Published by the Faculty of Business, Government and Law, University of Canberra


Research and Stories through a Gendered Lens

Breaking the seal of my late onset feminism

Aug 13, 2021 | Commentary, Equality, Opinion, Gender, Feature

Written by Jo Pybus

He’s back!  Harvey Weinstein, American film producer and convicted sex offender, was recently extradited from New York to LA where he faces 11 rape and sexual assault charges. He is also appealing his 23-year conviction in New York which he has been serving at the Rikers Island jail complex. This man, who has had over 100 women accuse him of sexual assault, has pleaded not guilty.

I have, in print no less, made the shameful admission that when I first heard of Harvey Weinstein and his sex crimes, I thought ‘casting couch’. A regretful and regurgitated brain-fart from my past where I had managed to duck and weave those situations with men where my hair would start to prickle at the back of my neck, all the while being fed the patriarchal narrative that women who didn’t must have asked for it.

I have Prime Minister Julia Gillard to thank for loosening the knots on those crusted-on narrow-minded views years before Harvey Vile-Stain was headlines. In her famous 2012 speech in Australia’s Parliament, she called out the hypocrisy of the leader of the opposition, Tony Abbott, in accusing her of being sexist.  Known as the Misogyny Speech, it was voted ‘most unforgettable’ moment in Australian TV history in a poll run by The Guardian in February 2020.  I remember it well, especially the bit where I scrambled for my computer and googled ‘misogyny’.


Former Prime Minister of Australia Julia Gillard at a Q & A Session in Rooty Hill, New South Wales,
Wednesday, 11 August 2010. This work is licensed under a Creative Commons Attribution 2.0 Generic License.

Pennies didn’t just drop; I was hit by the entire contents of a poker machine on pension day.  Ping, ping, ping, Tony Abbott was a misogynist!  I just didn’t know there was a word for it when I encountered him on a charity bike ride, years earlier. I knew he was arrogant, the way he would put the whole peloton at risk by riding erratically.  I knew he was ego-driven, trying to keep up with the fastest group.  But I never had the word for when he belittled and ridiculed the women who were riding in another group.  Women who had done the fundraising heavy lifting. Women who were challenging themselves to an extraordinary physical feat.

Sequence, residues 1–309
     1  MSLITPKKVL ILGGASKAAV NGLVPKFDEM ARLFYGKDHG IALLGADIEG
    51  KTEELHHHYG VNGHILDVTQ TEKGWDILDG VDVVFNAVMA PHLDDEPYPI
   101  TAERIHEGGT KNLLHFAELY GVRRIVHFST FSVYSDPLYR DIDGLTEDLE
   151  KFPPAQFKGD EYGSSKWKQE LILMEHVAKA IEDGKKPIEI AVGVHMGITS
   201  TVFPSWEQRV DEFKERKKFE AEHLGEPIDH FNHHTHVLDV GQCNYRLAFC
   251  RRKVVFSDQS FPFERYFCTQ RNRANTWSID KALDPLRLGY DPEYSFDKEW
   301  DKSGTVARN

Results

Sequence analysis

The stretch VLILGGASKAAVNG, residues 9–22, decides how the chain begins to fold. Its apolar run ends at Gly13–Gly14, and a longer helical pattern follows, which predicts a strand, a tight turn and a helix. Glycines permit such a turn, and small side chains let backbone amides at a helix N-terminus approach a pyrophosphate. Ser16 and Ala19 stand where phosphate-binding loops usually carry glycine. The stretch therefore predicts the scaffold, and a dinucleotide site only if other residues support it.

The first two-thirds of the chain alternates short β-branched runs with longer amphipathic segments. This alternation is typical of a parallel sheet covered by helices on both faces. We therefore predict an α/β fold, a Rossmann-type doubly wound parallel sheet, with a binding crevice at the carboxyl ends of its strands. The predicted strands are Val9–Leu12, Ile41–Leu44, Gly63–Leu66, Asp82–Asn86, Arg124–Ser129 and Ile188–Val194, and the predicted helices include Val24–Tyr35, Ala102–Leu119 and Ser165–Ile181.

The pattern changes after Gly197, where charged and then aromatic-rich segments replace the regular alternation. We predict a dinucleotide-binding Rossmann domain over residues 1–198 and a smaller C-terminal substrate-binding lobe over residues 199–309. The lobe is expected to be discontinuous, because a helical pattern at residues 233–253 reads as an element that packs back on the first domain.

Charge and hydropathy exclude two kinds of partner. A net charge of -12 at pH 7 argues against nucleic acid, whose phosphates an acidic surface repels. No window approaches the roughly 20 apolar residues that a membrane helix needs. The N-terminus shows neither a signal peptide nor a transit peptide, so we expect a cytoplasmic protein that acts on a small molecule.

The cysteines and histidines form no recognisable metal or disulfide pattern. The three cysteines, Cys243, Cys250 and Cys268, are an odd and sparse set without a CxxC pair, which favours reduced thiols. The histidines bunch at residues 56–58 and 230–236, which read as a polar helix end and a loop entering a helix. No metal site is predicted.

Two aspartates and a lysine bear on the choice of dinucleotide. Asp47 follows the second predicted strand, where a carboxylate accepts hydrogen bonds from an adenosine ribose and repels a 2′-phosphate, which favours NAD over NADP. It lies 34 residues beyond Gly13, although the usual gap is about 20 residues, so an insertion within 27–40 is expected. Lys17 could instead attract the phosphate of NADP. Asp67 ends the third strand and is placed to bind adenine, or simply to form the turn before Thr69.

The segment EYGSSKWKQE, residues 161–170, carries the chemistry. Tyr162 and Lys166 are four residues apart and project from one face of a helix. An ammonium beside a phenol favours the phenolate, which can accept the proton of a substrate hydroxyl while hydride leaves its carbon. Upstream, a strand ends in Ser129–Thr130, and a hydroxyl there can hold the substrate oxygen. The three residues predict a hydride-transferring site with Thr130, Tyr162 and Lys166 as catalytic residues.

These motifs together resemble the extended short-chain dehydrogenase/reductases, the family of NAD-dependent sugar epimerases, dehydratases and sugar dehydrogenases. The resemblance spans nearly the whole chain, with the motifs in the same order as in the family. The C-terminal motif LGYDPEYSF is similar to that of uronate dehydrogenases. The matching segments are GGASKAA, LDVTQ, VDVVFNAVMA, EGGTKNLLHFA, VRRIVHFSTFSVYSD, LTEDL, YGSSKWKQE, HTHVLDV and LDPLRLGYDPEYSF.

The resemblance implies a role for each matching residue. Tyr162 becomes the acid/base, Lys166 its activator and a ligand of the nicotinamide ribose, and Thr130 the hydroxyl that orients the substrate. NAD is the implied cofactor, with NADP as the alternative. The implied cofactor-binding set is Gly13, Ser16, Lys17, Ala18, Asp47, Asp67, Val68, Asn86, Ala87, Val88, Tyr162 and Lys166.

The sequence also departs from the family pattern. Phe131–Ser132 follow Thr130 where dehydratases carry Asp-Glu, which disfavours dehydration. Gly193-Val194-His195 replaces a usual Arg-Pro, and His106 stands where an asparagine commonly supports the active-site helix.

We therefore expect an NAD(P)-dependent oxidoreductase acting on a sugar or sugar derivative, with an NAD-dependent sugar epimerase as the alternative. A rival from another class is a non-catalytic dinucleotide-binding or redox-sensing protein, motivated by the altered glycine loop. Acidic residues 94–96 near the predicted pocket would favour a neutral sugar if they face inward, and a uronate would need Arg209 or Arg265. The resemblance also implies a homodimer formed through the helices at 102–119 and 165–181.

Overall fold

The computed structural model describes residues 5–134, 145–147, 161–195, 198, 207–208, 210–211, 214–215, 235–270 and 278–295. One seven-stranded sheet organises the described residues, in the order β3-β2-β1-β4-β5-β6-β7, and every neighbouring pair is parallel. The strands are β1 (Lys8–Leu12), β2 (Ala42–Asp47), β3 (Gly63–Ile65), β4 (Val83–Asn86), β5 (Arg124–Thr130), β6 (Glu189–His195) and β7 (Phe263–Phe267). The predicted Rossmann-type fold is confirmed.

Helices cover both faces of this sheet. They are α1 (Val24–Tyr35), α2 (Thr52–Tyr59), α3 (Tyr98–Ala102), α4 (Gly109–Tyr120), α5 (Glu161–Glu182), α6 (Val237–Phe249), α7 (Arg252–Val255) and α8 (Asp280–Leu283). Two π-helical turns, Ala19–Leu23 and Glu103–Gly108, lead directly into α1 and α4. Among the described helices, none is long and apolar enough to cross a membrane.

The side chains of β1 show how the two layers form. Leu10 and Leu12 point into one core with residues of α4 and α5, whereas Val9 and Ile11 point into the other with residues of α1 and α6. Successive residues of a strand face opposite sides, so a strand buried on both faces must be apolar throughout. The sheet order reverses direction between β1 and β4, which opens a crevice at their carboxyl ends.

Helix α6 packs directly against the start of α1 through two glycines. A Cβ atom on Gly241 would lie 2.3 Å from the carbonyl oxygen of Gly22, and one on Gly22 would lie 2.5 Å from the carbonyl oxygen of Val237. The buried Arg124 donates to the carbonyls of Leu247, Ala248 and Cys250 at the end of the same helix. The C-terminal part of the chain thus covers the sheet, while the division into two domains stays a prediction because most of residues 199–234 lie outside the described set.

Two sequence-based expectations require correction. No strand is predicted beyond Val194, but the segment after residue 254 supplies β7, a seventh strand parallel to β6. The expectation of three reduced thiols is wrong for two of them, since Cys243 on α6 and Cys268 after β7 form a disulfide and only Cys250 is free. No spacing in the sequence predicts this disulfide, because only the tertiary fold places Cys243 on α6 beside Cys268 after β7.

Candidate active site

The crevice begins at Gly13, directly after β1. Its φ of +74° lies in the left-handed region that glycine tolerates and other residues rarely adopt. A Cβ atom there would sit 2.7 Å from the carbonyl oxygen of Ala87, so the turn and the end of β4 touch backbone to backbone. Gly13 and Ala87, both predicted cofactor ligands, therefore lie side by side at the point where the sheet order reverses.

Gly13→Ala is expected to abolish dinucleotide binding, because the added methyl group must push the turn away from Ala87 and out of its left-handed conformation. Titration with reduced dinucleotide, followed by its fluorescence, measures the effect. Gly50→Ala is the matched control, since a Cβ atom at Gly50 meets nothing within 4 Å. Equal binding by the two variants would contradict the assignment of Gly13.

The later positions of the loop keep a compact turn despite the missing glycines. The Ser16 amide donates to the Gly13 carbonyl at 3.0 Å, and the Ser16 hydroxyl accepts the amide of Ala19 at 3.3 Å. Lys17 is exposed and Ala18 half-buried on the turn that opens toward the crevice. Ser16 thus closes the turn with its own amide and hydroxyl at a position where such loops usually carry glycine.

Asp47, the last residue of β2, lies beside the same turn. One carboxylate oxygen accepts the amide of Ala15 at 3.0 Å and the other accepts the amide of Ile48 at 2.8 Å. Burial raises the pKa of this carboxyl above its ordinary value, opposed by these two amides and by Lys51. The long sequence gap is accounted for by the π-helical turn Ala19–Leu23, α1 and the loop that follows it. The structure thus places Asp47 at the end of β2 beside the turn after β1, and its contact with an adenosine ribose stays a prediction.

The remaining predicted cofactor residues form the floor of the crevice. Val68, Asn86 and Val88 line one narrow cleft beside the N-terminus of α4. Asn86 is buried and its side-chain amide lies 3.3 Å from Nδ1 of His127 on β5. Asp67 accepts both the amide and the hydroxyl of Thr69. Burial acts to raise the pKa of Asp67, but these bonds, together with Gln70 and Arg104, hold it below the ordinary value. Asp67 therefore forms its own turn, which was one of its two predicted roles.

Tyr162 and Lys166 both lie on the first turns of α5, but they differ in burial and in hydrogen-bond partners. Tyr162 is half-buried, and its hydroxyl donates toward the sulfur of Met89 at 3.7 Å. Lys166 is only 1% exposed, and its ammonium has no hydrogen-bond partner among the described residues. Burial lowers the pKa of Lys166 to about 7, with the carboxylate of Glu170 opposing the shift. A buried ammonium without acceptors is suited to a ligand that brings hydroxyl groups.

Julia’s speech inspired me when I’ve experienced sexism in the workplace myself. A former board member at a company where I worked got into a head-to-head dispute with the sitting Board Chair – they had a long, factious history – and insinuated that he must have been having an affair with me.  I didn’t even work in the same office as either of them, let alone the same State! I was a pawn in their shirt-fronting melee.

Previously I might have shrunk away from something like this but this time, I wasn’t going to take it lying down. I insisted that the comments be printed-out and put on the member’s record with a file note that I wrote myself.  I told a number of Board members that I was offended. I was surprised he wasn’t sanctioned. Needless to say, I didn’t stay much longer in that job. Hardly a powerful Julia moment I grant you, but when I reflect on my younger working life it was a far sight better than agreeing to have a job interview in a hotel room. Baby steps.

Even now my newsfeed is alerting me to more news of this ilk. This from the ABC, 4 Aug 2021, ‘Joe Biden says New York Governor Andrew Cuomo should resign after probe finds he sexually harassed multiple women.’  Eleven women were found to have credible complaints against the US Governor, for which he has denied all. Of course, now he has resigned, but not before a press conference of bleating about misinterpretations of intent and societal changes suggesting he is being judge for the past by standards of today.

Thanks to the #MeToo movement, which was started by sexual harassment survivor Tarana Burke and went viral when actor Melissa Milano encouraged all women to use it on Twitter when accusations against Vile-Stain emerged, I did not for one nano-second think anything but support and solidarity for yet another group of women speaking out. That monkey has well and truly been cut off my back. Mr. Cuomo, you might want to buckle-up.

So, in my Misogyny 101 course I have learned that the spectrum of hatred for women covers a huge expanse and can even infect women’s perceptions of women. If I could personally acknowledge the roll of Julia and Harvey in my awakening, here’s what I’d say:

Julia, thank you for being so freckin’ awesome, for challenging my vocabulary, and for breaking the seal of my late onset feminism.”

“Harvey Vile-Stain, in paraphrasing a saying I found online, may the fleas of a thousand camels invade your crotch, and may your arms be too short to scratch them.”

Top image: Harvey Weinstein, Chairman, The Weinstein Company. Picture: Thomas Hawk. This photo is licensed under CC BY-NC 2.0

Jo Pybus

Jo Pybus is a late onset feminist who shares observations from her life in the middle-ages through another late onset pursuit, writing. Having been a late onset athlete, her love of an endurance event led her to write a novel and become an advocate for menopause awareness.

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